Put That In Your Pipe and Smoke It

Discussion in 'Marijuana News' started by Superjoint, Feb 20, 2003.

  1. By Danny Chodos
    Source: McGill Tribune

    A boy and a girl are sitting together on a couch, smoking several joints in what seems like a fairly short time span. As the girl eventually starts to pass out, the boy begins to unbutton her blouse while she meekly, almost inaudibly, pleads with him to stop...
    I was sitting on my couch, enjoying my breakfast while watching the 4:00 pm episode of The Simpsons on ABC. As I turned away from the TV, the image of a bong suddenly appeared onscreen.

    Curious, I fixed my gaze upon the idiot box once again, only to discover real idiots. Two teenagers are sitting in the den, getting blazed. After a while, one of the geniuses finds a handgun in a desk drawer, certain it's not loaded. Surprise! It is. Whoops, the other kid's dead. Shucks.

    This commercial is one of many in a new American campaign, shown on Canadian stations, which just don't make sense. It's time consumers all over North America step back from their television sets and ponder the problems associated with this situation.

    First off, many of these commercials are followed-up by a Budweiser ad. Hopefully, the irony's not lost on anyone. As anyone who's ever woken up muttering, "What happened last night?" can attest, alcohol's reality-distorting properties far exceed those of its narcotic partner in crime.

    The Center on Alcohol Marketing and Youth recently declared that minors in the US are 60 times more likely to see alcohol ads than a message discouraging underage drinking or drunk driving. Maybe the government should shift its focus a little. Having visited the United States twice last month, and having both times successfully purchased beer without being asked for ID, I would say alcohol is readily available for minors.

    The only explanation for this advertisement is the unprecedented transfer of government funding over to "defence". Maybe the honest producers of the commercials didn't have enough jack left over to create a campaign that makes sense.

    Why the hell would anyone leave a loaded handgun in the top drawer of his study? This commercial only underscores the practically unacknowledged social problem of gun control in the US. The American conclusion: the pot definitely caused the kid to shoot his friend, not the presence of a deadly weapon.

    The first time I saw one of these ads, I thought I was watching a Saturday Night Live sketch. A favourite is "Dan's Cartel": Dan likes to smoke weed. Dan's dealer sells him weed. Dan's dealer's dealer's dealer is involved with a foreign drug cartel that is responsible for the murder of a family of four.

    The conclusion: there's no question Dan is fully responsible for the death of those poor folks. This is a very sad story. Unfortunately, it serves only to reinforce the desperate call for legalization; as such, the government could regulate the industry, thus cutting out the need for black-market dealing.

    As rumours swirl regarding the very real possibility of the Canadian decriminalization of 'wacky tabaccy', one can't help but shed a tear for those poor Americans who don't know any better than to trust this foolish poppycock. Imagine a couple of good ole boys down south, polishin' their guns an' drinkin' their 40s, chasing down a commune of hippies because they cause America's problems.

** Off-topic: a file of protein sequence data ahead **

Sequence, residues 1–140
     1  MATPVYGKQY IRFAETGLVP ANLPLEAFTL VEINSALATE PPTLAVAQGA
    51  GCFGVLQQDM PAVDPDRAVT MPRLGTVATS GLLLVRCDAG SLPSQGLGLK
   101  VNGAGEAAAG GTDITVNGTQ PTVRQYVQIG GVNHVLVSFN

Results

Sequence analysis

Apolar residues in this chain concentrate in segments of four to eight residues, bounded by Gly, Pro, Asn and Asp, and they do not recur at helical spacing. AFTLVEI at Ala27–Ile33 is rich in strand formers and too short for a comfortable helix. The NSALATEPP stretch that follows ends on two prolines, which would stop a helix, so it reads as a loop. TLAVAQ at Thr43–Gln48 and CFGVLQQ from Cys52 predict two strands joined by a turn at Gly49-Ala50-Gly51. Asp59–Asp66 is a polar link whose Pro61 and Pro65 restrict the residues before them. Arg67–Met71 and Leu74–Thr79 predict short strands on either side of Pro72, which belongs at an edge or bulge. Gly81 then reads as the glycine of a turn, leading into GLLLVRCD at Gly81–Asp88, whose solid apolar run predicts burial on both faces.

McGill Sociology Professor Rod Nelson explains that industry responsibility messages of this sort, historically, have experienced very low success rates.

    "In most cases, the curve continues on with no blip at all," says Nelson.

    He elaborates that public service advertisers lack credibility, partly because they tend to frame social issues as personal problems, ignoring the larger structures that may be causing this effect. In other words, we are shown kids getting high, but left with the question: what is the role of the family? What about peer groups, and schools? These burning questions do not seem to be addressed at all.

    So what do fellow McGill students think about this controversial advertisement campaign?

    "Over-exaggerated," says Tara Wood, a U1 Anatomy and Cell Biology student. "They should direct their attention to more lethal drugs, like ecstacy... since nobody knows how pure it is."

    "They play upon the fears of parents who, in all likelihood, have never smoked up," says Matt Thompson, a U1 Psychology student, who thinks the commercials are misleading. "The government's resources would be better spent on improving destructive social problems, like use of date rape drugs and violence against women."

    Aside from quadruple-murders, accidental gun-firings, car crashes, unwanted teenage pregnancies and high school bathroom arrests, marijuana is known to cause a blissful, euphoric feeling and insatiable hunger. It's hard to say whether this campaign has experienced any success as of yet, but if history is any indicator, the US anti-drug task force would best serve to chill out, grab some munchies and head home.

    Note: US anti-marijuana campaign highlights pressing problems.

    Source: McGill Tribune (CN QU Edu)
    Author: Danny Chodos
    Published: Tuesday, February 18, 2003
    Copyright: 2003 The McGill Tribune
    Contact: tribune@ssmu.mcgill.ca
    Website: http://www.tribune.mcgill.ca/
  2. i just read that on NORML and was about to post it.
  3. well written.........

    and courteously posted...........

    nice !

    And it sums up my general opinion of the adds.

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